I’ve become addicted to Seth Abramson’s blog The Suburban Ecstasies, in part because he always seems to be thinking out loud, not delivering sermons or condescending rants, and thinking out loud requires openness—a quality I value much more than the closed-circuit pronouncements of the Harold Bloom type.
That said, I want to quibble with Seth’s recent post on the in/famous rhetorical pejorative coined by Ron Silliman: “The School of Quietude.” Essentially, Silliman seems to saddle any poet he considers “conservative” with this moniker, and opposes to these poets a wide variety of others whose work strikes him as — what, exactly? Unconservative? Progressive? Avant-garde? (Silliman’s preferred term is “Post-Avant,” which I take to be a placeholder like “Post-Modern”—something to be used until a more adequate term comes along.) In the preface to his anthology of Post-Avant writing, The American Tree, Silliman argues that poetry should reject “simple ego psychology in which the poetic text represents not a person, but a persona, the human as unified object.” His cohort Charles Bernstein has praised Silliman for creating a poetry that does away with “personal subject matter & a flowing syntax.” Of course, every compositional choice a writer makes, from individual words and their spellings to the larger structures of diction, rhythm, and figurative patterns are and can only be “personal,” unless one turns over one’s writing to a machine.
My point is that Seth doesn’t seem to be talking about “The School of Quietude” at all. He’s on to something subtler and far more useful, and I wish he’d jettison Silliman’s ultimately useless term and get serious about his own ideas.
What are those ideas? Well, for me they boil down to these key notions:
1) Most prize-winning poetry in recent years is at best competent, but doesn’t convey a sense of genuine discovery—what Seth calls “surprise.”
2) Good poetry must have “emotional weight” and must deliver it on the page. A writer’s life experience, race, economic status, age, etc.—everything, that is, that takes place off the page—can’t compensate for what isn’t happening on the page.
I’m in total agreement with these ideas, but I have to say they’re … well … not surprising. It was Robert Frost, after all, who said, “No surprise in the writer, no surprise in the reader.” And back in 1983, Donald Hall published an essay called “Poetry and Ambition” in which he coined the term “McPoem” to describe what I think Seth means by a “School of Quietude” poem: a poem lacking in surprise on the page. Hall laid the fault at the doorstep of writing programs—a judgement that seems to be widely shared but which hasn’t hurt the growth and influence of these programs one bit.
I imagine that it’s tough for Seth to share Hall’s point of view, since he (Seth) is enrolled in an MFA program; I graduated from such a program myself, which certainly colors my opinion on the matter as well. But let me suggest that no writing program can ruin a strong writer. Such programs can, however, mislead writers into thinking that competent craft is enough, when what matters more is the openness I mentioned at the beginning of this post: the quality Keats called “negative capability,” which he defined as the capacity “of being in uncertainties, Mysteries, doubts without any irritable reaching after fact & reason.” To fact and reason I would add the craft competency that constitutes the core of most writing programs.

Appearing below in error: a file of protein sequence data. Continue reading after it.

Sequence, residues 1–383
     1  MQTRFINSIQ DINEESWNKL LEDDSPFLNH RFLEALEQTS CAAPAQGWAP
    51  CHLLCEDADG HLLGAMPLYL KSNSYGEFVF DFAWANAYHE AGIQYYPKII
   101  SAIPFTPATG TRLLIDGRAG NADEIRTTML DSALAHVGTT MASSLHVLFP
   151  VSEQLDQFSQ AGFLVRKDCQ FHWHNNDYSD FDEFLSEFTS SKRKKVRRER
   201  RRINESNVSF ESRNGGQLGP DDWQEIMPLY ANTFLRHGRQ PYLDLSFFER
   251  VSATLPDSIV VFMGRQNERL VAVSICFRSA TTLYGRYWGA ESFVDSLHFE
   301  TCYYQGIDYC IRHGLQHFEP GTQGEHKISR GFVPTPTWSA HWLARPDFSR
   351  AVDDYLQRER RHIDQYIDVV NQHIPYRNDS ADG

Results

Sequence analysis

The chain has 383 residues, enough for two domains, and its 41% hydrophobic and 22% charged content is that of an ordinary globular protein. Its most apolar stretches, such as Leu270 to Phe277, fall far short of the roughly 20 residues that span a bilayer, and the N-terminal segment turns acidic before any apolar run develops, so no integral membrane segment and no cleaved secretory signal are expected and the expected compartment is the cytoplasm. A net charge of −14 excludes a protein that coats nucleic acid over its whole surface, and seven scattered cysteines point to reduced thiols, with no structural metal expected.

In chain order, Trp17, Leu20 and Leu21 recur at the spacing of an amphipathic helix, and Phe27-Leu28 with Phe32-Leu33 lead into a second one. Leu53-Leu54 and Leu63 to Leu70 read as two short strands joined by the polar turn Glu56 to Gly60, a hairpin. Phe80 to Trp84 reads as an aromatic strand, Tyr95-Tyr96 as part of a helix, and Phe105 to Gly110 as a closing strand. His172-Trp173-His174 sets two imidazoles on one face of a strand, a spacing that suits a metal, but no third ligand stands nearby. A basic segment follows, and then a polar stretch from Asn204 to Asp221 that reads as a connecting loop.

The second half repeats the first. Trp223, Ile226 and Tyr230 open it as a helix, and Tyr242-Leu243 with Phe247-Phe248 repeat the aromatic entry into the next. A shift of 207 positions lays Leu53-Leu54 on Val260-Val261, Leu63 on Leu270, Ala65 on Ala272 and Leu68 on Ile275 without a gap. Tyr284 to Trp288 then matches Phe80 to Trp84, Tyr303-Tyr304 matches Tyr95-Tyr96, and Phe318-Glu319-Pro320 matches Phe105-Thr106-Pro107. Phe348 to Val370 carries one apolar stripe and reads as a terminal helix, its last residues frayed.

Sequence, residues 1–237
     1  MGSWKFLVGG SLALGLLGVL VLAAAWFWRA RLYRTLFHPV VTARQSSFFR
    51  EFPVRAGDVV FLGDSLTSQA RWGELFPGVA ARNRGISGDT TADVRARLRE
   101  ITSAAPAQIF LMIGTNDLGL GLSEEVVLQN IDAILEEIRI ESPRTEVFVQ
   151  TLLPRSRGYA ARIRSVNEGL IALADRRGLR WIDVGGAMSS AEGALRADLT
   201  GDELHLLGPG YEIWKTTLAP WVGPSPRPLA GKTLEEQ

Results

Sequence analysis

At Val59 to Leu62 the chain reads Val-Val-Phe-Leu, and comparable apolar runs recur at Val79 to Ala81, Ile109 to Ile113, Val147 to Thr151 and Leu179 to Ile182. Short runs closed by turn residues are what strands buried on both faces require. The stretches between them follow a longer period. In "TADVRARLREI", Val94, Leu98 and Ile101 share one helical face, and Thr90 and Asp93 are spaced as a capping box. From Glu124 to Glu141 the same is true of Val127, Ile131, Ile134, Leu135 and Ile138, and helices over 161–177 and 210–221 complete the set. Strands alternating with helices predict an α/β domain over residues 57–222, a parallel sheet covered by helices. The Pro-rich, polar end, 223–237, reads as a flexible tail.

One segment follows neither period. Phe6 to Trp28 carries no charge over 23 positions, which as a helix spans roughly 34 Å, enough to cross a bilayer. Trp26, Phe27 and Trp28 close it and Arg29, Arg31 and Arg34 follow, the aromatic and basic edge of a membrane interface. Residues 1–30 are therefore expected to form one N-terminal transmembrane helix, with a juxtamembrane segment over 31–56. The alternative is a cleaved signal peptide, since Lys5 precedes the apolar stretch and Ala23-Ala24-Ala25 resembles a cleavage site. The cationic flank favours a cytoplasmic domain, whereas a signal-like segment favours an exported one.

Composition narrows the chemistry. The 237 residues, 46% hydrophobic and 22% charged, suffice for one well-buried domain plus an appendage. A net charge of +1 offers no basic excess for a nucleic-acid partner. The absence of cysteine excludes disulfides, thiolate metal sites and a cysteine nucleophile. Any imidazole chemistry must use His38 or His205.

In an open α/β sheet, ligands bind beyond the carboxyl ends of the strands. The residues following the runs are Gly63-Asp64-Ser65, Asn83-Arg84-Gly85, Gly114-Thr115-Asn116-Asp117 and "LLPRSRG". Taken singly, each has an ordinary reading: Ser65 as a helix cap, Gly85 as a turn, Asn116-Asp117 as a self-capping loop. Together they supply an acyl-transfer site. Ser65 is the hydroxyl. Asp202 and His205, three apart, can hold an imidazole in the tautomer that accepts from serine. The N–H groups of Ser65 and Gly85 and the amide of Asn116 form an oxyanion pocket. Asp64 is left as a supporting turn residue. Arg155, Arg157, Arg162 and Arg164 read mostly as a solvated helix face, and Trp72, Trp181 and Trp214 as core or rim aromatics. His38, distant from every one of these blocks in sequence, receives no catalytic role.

This isn’t to say that craft is irrelevant, of course. I’m 50 or so pages into Helen Vendler’s extraordinary new book, Our Secret Discipline: Yeats and Lyric Form, which makes abundantly clear that craft is absolutely crucial to delivering “emotional weight” on the page. What I’m arguing is that craft must serve and preserve the poem’s impulse as it arises out of the poet’s emotional and intellectual openness. This dialogue between openness and craft is what produces the poem’s final form. (Of course, by “form” I don’t mean traditional form, necessarily; the inventive forms Adrienne Rich uses in her latest collection, Telephone Ringing in the Labyrinth, are as rigorous in their way as the forms Yeats employed.)
Is it possible for writing programs to cultivate openness? Or is openness a spiritual discipline that can’t be taught in such a context? Or is it purely an aspect of the poet’s native talent—a quality that can’t be taught at all?
Good questions, all of which beg the larger social/political question: How is the Established Order served by the failure of poetic ambition? If it weren’t being served, then all the prizes at its command would be directed toward other kinds of poets. On his blog, Bill Knott has repeatedly engaged this question. (I wish he would collate all those posts into one big fat post or add tags to his posts to make them easier to find.) One post in particular notes:
USA politics and USA poetry are the same: it’s a two-party system.
There are no Independents. Or, if there are, they don’t count.
They don’t count in USA politics, and they don’t count in USA poetry.
In politics it’s the Republicans and the Democrats. Period.
Third party, forget it.
Independents, what a farce the polls are where people proclaim themselves as such, because when it comes to what counts, meaning the election, it’s Rep or Dem.
In poetry, it’s the Pinsky Party or the Silliman Party.
Yeah you can pretend to be neither, in other words a fucking moron—because all that means is: you just wasted your vote.
And again, the larger question: How does all this serve the Established Order?